This post may contain affiliate links. For full affiliate disclosure click here.
I was so sad when one of my most beloved mentors passed away. Though I never had the honor of meeting her in person, Elisabeth Elliot was an amazing woman of faith and a mentor to thousands of women through her wonderful books. Her many books and her life’s testimony have been pivotal in the shaping of my life. If you are unfamiliar with her and her writings I highly recommend reading one or two (or ten) of her books in addition to this sample of her writing included in this post.
It is hard to narrow down what to share of her wisdom in one little post, but one of the main themes of her work was having a devotion time with the Lord. In her honor I’d like to share with you how to have a quiet time.
How to Have a Quiet Time
Having a regular devotion time is something Christians have struggled with for decades. I love this excerpt from Elisabeth Elliot because it shows that our struggle to be consistent in devotions is not a new issue in our busy modern era. It was just as much a struggle back in the 1960s as it is now.
“Having a quiet time with the Lord every day is absolutely essential if you expect to grow spiritually. But you have to plan it. It won’t “just happen.” We’re all much too busy. Early morning is best, and there are plenty of scriptural precedents for that (Jesus rose “a great while before day”; the psalmist said, “In the morning shalt Thou hear my voice”).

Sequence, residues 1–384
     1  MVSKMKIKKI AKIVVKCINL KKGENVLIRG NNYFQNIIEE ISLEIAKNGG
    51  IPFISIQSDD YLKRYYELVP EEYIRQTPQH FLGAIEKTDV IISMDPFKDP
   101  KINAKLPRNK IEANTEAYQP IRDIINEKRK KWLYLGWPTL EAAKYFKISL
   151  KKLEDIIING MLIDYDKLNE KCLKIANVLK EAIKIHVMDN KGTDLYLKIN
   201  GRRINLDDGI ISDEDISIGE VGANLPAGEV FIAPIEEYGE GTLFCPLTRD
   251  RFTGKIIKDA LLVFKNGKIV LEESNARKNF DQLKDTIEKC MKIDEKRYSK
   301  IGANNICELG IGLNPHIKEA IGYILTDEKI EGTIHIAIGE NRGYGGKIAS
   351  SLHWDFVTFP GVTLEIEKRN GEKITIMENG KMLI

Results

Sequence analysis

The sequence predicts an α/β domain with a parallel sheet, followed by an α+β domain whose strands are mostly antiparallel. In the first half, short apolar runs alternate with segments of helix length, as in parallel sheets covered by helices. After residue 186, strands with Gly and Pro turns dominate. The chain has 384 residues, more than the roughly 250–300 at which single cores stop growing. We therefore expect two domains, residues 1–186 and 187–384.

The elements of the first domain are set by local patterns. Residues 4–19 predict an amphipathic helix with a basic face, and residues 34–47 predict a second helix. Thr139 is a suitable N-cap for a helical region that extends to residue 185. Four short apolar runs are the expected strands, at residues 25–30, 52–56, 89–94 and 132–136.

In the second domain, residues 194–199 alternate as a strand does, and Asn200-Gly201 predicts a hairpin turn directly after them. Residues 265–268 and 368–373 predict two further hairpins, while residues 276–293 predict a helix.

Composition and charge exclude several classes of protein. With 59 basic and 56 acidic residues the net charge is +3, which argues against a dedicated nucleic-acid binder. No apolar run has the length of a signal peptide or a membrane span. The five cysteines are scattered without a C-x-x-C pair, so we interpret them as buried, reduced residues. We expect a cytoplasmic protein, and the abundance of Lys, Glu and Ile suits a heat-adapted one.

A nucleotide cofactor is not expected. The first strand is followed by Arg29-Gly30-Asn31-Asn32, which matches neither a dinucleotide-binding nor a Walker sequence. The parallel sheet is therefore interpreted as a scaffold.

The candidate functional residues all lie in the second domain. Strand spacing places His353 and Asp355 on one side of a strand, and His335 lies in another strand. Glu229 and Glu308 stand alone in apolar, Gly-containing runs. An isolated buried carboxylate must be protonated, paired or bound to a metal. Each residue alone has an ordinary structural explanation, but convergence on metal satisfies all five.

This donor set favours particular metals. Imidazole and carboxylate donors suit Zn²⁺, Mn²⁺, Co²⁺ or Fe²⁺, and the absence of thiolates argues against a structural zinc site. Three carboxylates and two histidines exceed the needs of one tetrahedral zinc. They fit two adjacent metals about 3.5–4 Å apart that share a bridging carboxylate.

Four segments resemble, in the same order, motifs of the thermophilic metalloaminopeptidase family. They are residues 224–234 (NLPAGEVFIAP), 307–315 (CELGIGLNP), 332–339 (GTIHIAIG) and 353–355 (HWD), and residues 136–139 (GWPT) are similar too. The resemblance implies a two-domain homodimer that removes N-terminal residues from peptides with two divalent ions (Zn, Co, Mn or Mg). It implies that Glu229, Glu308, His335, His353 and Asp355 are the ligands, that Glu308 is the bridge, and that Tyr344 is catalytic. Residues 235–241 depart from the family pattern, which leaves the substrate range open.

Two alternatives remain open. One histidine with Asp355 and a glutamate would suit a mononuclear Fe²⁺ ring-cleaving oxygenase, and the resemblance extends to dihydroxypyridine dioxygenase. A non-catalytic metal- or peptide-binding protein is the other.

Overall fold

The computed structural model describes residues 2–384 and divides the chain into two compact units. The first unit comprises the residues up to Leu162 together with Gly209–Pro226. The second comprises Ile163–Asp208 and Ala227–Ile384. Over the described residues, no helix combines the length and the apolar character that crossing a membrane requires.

If you meet the Lord before you meet anybody else, you’ll be “pointed in the right direction” for whatever comes. God knows how difficult it is for some to do this, and if you have a reason you can offer Him why early morning won’t work, I’m sure He’ll help you to find another time. […] At any rate, plan the time. Make up your mind to stick with it. Make it short to begin with – fifteen minutes or so, perhaps. You’ll be surprised at how soon you’ll be wanting more.”
– Elisabeth Elliot in “Keep a Quiet Heart“
While the struggle to keep a regular devotion time is not new, it is not a struggle that has to defeat us. As Elisabeth Elliot says, “It won’t ‘just happen.” You have to be intentional.
Even if you are intentional with the time, the next struggle seems to be what to do during devotional time. The real answer to that question is that there is no real answer. For instance, there is no right answer of how to go on a date with someone you love. But like “dinner and a movie” is a popular dating option, there are popular devotional options as well. Don’t feel like you have to follow others’ preferred options – do what works for your relationship with God. Here are some suggestions to get you started:
Pick a verse or book of the Bible to meditate on, find a reading plan to follow, or just flip open your Bible and see what the Holy Spirit highlights. As you read, ask yourself what the passages are saying about who God is, who you are, and what Kingdom life looks like.